What is healthy personal boundaries about? We often hear that we don’t have boundaries, that we need to learn to say no, that we should stick to our guns, that we should respect someone else’s boundaries. However, the person making these statements very seldom actually explains what boundaries are, where to get them, or how to say no.
They don’t explain how important boundaries really are to us. They don’t tell us that our boundaries, or the lack thereof, determine how we treat ourselves and others, and how others treat us.
Therefore, the purpose of this blog is to look at what healthy boundaries are about, how not having them affects us, and how to start the process of setting healthy personal boundaries.
In this blog I will cover:
1. Dictionary definition of a personal boundary
2. What is a healthy personal boundary?
Personal boundaries are like the user manual for “You”. It is a set of “user” instructions that you set up. It tells people how to treat you, and how not to treat you. It warns them of consequences if they do not follow the instructions. It gives them guidance on how to have a long and loving relationship with you.
Another way to explain it would be to look at some properties that have a “No trespassing” or “Authorised entry only” sign hanging on the door, gate or fence. Normally the sign will also have a consequence written on it, something like – “Trespassers will be prosecuted” or “Fines apply”. It gives you a clear indication of what or who is allowed, and what will happen if the instruction is not adhered to.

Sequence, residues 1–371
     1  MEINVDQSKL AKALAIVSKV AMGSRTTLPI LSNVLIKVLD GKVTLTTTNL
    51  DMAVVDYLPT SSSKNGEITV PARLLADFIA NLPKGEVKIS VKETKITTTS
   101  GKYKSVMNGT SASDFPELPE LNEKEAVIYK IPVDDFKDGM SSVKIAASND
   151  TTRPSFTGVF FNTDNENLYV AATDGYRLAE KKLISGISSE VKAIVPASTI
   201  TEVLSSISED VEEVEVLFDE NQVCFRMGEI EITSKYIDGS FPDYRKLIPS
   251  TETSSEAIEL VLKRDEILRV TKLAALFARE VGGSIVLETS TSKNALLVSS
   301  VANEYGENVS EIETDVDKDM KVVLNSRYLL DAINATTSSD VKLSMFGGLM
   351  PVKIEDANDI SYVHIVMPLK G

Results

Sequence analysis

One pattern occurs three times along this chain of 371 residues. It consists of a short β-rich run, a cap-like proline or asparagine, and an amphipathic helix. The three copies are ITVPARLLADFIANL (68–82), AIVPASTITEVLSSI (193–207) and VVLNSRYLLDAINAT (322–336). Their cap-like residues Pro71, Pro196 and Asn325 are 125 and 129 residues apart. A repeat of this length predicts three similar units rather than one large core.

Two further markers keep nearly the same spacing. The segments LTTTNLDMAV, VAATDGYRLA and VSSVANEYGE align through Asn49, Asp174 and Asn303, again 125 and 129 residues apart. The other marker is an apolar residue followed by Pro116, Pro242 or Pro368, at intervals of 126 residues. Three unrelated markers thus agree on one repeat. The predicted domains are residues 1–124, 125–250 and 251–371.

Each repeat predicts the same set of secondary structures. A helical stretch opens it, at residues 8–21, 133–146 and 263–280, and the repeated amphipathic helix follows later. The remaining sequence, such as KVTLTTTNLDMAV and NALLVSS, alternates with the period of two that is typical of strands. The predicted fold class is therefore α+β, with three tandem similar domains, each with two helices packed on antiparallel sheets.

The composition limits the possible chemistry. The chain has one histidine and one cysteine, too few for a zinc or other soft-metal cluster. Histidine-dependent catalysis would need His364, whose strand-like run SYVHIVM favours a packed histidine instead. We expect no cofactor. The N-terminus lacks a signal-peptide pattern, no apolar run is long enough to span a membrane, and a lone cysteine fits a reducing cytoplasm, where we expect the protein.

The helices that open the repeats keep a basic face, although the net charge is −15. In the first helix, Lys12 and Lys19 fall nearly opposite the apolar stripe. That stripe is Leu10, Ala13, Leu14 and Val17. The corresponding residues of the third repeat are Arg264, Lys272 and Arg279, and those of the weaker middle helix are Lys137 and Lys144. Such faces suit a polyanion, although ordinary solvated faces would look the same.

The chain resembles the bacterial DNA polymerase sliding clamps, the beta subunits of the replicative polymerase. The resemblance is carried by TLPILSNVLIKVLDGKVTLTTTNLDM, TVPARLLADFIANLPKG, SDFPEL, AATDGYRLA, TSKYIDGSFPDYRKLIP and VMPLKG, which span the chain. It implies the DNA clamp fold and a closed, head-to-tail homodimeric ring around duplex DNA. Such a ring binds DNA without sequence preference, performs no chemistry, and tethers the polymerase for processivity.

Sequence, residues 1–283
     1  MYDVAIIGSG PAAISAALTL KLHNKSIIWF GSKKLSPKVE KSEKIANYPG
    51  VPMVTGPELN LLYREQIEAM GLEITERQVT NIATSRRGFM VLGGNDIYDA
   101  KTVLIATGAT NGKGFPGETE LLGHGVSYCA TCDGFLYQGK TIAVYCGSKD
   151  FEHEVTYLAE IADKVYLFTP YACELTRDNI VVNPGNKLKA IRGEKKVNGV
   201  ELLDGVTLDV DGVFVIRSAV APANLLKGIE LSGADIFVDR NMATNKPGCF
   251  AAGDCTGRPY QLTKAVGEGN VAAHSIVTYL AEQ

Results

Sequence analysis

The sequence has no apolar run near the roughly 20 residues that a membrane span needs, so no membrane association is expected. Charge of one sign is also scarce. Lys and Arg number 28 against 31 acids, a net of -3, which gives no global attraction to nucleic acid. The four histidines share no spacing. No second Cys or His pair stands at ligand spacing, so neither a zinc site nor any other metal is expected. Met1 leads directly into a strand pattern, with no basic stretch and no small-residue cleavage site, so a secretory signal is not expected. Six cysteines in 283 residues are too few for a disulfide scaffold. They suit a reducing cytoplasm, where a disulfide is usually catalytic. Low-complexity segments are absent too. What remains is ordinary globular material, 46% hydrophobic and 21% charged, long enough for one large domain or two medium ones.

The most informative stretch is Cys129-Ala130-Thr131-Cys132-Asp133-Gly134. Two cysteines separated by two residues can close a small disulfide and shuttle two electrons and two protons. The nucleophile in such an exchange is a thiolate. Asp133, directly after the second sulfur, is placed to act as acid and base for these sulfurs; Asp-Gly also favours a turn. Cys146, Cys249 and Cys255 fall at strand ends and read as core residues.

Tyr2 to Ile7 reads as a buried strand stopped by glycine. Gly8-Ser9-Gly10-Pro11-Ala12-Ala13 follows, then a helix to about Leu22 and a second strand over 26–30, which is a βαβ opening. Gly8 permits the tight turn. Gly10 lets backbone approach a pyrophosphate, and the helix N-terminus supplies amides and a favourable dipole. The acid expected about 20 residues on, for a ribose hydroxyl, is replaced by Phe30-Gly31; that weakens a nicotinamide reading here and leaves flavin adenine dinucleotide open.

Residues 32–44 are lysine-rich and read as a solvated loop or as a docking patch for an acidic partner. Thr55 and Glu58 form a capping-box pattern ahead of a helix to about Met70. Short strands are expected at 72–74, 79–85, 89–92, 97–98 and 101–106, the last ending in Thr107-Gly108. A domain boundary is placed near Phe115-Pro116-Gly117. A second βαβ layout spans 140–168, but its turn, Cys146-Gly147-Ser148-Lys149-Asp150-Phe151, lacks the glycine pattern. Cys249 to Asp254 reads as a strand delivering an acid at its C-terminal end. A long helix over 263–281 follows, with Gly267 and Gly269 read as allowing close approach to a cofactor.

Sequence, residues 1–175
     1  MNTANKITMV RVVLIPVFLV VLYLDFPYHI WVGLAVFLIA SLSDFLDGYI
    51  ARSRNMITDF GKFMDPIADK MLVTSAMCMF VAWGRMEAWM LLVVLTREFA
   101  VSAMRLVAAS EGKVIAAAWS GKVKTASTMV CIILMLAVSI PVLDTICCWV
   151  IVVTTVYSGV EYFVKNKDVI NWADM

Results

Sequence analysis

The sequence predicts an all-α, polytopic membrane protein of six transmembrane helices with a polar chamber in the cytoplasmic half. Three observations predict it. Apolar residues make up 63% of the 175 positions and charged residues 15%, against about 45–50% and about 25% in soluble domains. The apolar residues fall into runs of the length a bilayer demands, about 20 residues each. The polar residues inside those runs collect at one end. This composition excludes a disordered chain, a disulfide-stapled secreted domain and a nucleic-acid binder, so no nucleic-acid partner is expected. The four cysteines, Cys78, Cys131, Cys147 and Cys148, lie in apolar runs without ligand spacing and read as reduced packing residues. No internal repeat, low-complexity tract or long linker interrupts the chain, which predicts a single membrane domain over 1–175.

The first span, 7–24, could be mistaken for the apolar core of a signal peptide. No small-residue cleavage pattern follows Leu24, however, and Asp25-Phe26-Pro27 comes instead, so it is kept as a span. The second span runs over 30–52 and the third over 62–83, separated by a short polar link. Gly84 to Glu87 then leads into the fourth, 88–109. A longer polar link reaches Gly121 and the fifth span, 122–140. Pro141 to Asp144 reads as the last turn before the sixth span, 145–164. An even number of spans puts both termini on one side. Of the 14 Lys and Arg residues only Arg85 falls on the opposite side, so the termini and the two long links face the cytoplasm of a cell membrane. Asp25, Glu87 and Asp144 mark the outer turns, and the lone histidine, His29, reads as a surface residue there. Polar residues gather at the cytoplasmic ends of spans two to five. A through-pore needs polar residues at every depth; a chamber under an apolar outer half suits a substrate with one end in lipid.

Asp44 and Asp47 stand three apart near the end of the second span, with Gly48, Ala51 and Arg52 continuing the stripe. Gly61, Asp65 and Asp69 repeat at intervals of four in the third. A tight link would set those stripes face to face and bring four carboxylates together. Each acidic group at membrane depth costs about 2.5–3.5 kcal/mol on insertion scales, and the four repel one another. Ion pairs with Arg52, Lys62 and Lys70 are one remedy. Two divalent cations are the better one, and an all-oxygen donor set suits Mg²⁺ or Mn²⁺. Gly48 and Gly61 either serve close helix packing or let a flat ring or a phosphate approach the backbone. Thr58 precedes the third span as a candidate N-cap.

Thus, a personal boundary is a set of rules around what is acceptable and not acceptable behaviour from other people and yourself. Personal boundaries are in line with your values and beliefs, but they can also come into existence through conclusions, opinions, attitudes, past experiences and social learning. For boundaries to be effective it needs to always have a consequence connected to it, and more importantly, you have to be willing to enforce the consequence every time.
3. Why have healthy personal boundaries?
Knowing what healthy personal boundaries are is the first step to understanding boundaries. The next step is to look at how having healthy personal boundaries can contribute to your life.
Having healthy personal boundaries builds your self-belief. It helps you to find out who you are and what you want out of life. It defines you as who you choose to be.
Personal boundaries help you to:
4. Types of healthy personal boundaries
It is important to understand that there are many different categories of boundaries, but each category is essential to ensure a happy, balanced and rewarding life.
Emotional boundaries help you to separate yourself from other people’s negative feelings, be true to yourself, and know that you choose your own feelings. They allow you to feel sad, angry, hurt, or fearful, without assigning blame.
Energetic boundaries help you to look after your energy, choose what kind of people you want to be around, and minimise contact with toxic people.
Material boundaries help you to determine whether you will give or lend things, and feel confident in telling people that you want them to look after your belongings.
Mental boundaries help you to be clear with your thoughts, values, beliefs and opinions. They enable you to listen to another’s opinion with an open mind, and respect their viewpoints and way of seeing the world.